A week after coordinated blasts hit three churches and three luxury hotels, killing over 250 people and inuring more than 500 others in Sri Lanka, President Maithripala Sirisena made it illegal for Muslim women in the country to wear any form of face veils in public.
So deeply entrenched is the impression of equating the violent Islamism of the Islamic State to the everyday habits of followers of Islam that it skipped the attention of the world at large that Sri Lanka had become only the second ever country in Asia to enforce such a countrywide ban.
With the ban, Muslim women will still be able to wear the hijab (which covers the head and neck but leaves the face clear) but must eschew the niqab (a veil for the face that leaves the area around the eyes clear) and the burqa (which covers the entire face).
A borrowed idea
While a really large section of the world would not know how a burqa is different from a hijab, vast swathes of political discourse have been devoted into convincing people that such items of clothing stand in the way of ensuring a terror-free world.
This political discourse had until now only reached the legislative echelons in countries witnessing a rightist resurgence in Europe. In Asia, with its enormous Muslim population (often forming parts of diverse societies), criticism of these quaintly Muslim items of clothing has been restricted to polltime complaints by right-wing leaders like Sanjiv Balyan.
Never until now had a democratically elected government in Asia felt the need to exact a ban on face covers. An exception to this is China, where face veils are indeed banned. There, however, government repression of Uighur Muslims is systematic and operates on a universal consensus that it is cruel.
To harness the future of a nation's safety to a measure that affects the personal freedom of women is certainly a novelty in Asia. Which brings us to the question if such a move exists to normalise the rhetoric of the European Far-Right.
Expression of anxiety
It is no coincidence that the two European countries with two of the most lenient sets of laws for absorbing refugees were the first to translate their spirit of welcome into anxiety and ban Muslim face veils. In 2011, France and Belgium were the first European countries to introduce a niqab and burqa ban. Women who wear such veils now face fines of up to €150. The alternative is an yet surprising assertion of European cultural snootiness -- they will be required to take "citizenship courses".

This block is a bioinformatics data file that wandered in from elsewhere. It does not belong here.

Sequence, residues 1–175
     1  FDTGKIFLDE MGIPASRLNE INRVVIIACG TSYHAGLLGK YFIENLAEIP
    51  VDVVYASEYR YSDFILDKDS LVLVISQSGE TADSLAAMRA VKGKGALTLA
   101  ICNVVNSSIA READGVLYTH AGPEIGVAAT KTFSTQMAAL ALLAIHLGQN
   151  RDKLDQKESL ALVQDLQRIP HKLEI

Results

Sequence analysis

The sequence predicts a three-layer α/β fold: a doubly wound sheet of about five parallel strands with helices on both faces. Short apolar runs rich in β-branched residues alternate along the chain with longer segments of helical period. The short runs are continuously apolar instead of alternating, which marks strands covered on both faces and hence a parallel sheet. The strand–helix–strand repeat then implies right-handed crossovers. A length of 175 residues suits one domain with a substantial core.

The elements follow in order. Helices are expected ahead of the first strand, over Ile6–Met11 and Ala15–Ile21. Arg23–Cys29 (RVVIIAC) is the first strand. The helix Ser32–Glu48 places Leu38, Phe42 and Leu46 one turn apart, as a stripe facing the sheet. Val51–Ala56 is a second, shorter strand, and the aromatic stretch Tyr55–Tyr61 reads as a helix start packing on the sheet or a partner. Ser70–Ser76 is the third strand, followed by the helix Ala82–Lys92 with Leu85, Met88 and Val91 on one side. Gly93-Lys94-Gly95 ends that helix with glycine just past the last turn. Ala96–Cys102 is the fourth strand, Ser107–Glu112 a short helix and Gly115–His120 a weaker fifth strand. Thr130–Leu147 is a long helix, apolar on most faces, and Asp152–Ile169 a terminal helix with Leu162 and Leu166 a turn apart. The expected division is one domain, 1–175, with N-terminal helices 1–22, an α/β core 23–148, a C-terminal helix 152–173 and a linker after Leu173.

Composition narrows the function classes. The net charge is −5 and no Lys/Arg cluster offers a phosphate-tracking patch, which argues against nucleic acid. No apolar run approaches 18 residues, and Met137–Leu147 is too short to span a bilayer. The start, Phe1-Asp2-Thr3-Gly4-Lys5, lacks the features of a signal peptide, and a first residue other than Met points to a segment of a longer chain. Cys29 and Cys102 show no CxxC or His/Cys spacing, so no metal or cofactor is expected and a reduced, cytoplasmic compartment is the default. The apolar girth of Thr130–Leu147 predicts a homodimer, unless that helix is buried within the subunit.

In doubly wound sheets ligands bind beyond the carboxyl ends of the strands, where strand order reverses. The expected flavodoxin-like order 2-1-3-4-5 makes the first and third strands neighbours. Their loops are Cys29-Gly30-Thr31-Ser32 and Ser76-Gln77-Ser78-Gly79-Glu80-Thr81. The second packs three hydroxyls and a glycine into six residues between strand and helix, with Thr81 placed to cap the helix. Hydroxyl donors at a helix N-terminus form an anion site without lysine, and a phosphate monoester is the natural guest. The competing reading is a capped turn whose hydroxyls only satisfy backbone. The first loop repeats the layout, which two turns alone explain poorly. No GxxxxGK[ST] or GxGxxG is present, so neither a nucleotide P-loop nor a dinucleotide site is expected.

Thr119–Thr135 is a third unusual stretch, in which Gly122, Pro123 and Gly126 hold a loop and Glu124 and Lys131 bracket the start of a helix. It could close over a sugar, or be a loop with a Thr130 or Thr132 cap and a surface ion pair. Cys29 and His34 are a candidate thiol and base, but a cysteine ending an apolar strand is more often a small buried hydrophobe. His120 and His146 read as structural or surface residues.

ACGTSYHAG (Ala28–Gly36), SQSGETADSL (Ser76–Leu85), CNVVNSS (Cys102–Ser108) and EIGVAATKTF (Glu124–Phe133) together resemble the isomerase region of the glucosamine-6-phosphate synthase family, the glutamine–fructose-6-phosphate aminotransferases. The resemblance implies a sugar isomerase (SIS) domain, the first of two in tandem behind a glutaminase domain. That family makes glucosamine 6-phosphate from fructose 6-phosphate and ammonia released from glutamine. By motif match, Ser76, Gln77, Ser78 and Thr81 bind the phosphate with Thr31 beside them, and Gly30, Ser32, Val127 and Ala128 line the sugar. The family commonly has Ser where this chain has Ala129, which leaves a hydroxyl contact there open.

Unsurprisingly, this ban was upheld by the European Court of Human Rights in July 2014. The road to what would essentially amount to be religious intolerance was laid, with prompt bans by Austria (2017), the Netherlands (June 2018) and Denmark (August 2018). The extent of the bans differed with the countries. In Austria, you are only required to keep your face open in courts and schools and other public spaces. In Denmark, you pay 1,000 krone for any garment which keeps your face hidden. In the Netherlands, while you must take off your veil in schools, on public transport, and at hospitals, you can keep it on on public streets.
In Germany, drivers of any vehicles must take off their veils. A partial burqa and niqab ban is also operative for judges, civil servants and soldiers. In Switzerland's Tessin, a fine of over 9,000 euros was imposed on face veils in 2016.
Italy and Spain have both gone back and forth over similar bans.
While debates raged in the rest of Europe as to how best to word such bans so they could be taken as a measure of "inclusivity", France was taking things one step further as is their unique wont to. In 2016, a Muslim woman at a beach in Nice was forced to remove the outer item of her clothing by armed police officers after a ban on the burkini, a portmanteau of the bikini and the burqua that allows wearers of the latter to enjoy the water repellent benefits of the former.
The criticism was unsparing, with several thinkers pointing out that administrative agents compelled to strip a woman "exposes the fallacy of the idea that laws policing women’s bodies somehow contribute to their liberation."
The measure hearkened back to the flash legislation brought by Kemal Ataturk in 1920s Turkey, where headscarves where banned to ensure the country adopted constitutional secularism in spirit and law. The new millennium has seen Recep Tayyip Erdoğan's conservative government take down the ban from every public institution, one by one.
Sri Lanka's situation now may be equated with many African countries where the face veil was banned in spite of sizeable Muslim populations, in the aftermath of terror attacks. Two suicide bombs attacks in a single month in 2015 led to a ban in Chad and Cameroon both. In Boko Haram-hit regions of Nigeria, the veil is banned as well.
Concerns over government intelligence reaching the wrong hands will always keep people from coming to any fact-based conclusion on how far such bans go in preventing future terror attacks. Anger simmers among those most hurt by such knee-jerk legislation, even though a particular religion is astutely never mentioned in statements by lawmakers.
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